The customs union is beginning to pose difficult questions for the Prime Minister.
This week, Number 10 reaffirmed their commitment to leaving ‘the’ customs union and not replacing this arrangement with ‘a’ customs union.
To complicate the problem, the House of Lords voted for amendments to the withdrawal bill that would force the government to negotiate ‘a’ customs union if enacted. The amendment will be put before the Commons in May. This issue must be viewed through several lenses, as must most Brexit related concerns.
Firstly, it is a political issue. Secondly, it is an issue of doing what will yield the best
outcome for those involved. Precedent would dictate that Brexit-related issues are very rarely viewed through both lenses at once. This quandary is neatly summarised by the voting motivations of the House of Commons.
For Labour, voting down the customs union would create problems for the government, as the vote has been made an issue of confidence and enough Tories are willing to vote against the whip. It would be unprecedented for the opposition to miss such an opportunity to derail a government on the ropes.
The key point here is that the majority of May’s party supports Brexit. However, in light of the botched 2017 election, the majority of the Commons do not. Yet, Conservative rebels face a difficult dilemma in voting down the customs union, they are likely to topple their leader if they do so.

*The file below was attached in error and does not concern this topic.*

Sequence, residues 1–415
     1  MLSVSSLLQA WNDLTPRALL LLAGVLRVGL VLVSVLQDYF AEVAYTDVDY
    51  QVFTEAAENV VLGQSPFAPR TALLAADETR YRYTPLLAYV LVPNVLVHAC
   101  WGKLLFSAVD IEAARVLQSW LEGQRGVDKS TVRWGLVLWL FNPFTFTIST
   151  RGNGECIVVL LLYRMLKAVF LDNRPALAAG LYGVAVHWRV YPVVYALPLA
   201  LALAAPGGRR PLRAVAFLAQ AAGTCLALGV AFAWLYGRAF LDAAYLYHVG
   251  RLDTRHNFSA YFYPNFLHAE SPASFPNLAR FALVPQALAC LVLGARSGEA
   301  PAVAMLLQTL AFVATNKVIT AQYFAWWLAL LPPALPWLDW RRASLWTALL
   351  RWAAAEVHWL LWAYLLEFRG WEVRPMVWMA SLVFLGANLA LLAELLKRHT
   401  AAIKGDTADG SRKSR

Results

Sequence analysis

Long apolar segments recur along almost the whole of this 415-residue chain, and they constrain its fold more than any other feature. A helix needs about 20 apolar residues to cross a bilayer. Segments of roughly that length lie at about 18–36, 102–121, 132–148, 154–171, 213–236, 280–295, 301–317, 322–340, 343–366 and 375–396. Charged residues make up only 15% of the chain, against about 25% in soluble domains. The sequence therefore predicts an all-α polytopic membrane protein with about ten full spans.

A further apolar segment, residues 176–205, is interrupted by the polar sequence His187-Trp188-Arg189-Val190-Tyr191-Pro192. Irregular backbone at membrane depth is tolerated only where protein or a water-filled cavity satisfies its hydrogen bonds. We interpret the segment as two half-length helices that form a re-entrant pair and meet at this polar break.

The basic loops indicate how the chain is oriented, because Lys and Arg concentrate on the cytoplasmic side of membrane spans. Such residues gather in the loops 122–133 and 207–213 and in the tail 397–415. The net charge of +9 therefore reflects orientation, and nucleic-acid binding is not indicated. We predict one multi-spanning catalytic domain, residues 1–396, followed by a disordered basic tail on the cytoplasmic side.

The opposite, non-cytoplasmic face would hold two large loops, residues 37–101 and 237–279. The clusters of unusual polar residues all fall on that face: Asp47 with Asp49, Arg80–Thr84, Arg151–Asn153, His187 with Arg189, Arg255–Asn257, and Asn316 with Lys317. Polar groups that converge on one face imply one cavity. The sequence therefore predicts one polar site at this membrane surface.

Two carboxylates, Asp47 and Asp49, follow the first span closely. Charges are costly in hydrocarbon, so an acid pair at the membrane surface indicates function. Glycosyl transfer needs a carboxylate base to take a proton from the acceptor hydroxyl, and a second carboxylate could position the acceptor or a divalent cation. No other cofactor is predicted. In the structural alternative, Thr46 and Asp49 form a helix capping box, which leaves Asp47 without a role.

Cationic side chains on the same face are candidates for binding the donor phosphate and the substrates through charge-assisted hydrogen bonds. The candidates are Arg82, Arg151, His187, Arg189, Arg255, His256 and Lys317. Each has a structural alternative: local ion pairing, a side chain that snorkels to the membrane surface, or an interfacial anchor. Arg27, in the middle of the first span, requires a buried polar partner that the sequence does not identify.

Handing power to Corbyn’s Labour Party at this stage in the process could have severely compromising policy consequences for Conservative MP’s. They believe that Corbyn and Brexit are both poor outcomes for the British people.
For the anti-Brexit Tories, a Labour government reduces their capability to rebel. Like the Conservative government, Labour have repeatedly committed to a hard Brexit, meaning that Tories intent on softening the process would be giving up their ability to shape the final deal from within the governing party.
The election of Corbyn and McDonnell would also reduce restored business confidence, causing disruption to the pound and reducing unexpectedly high levels of foreign direct investment. The defeat of the bill rests upon the shoulders of the Tory rebels. It is a difficult dilemma – they must decide between the economic risks of a Labour Government and those arising from no customs union.
They’ve rebelled once, but will they do so again?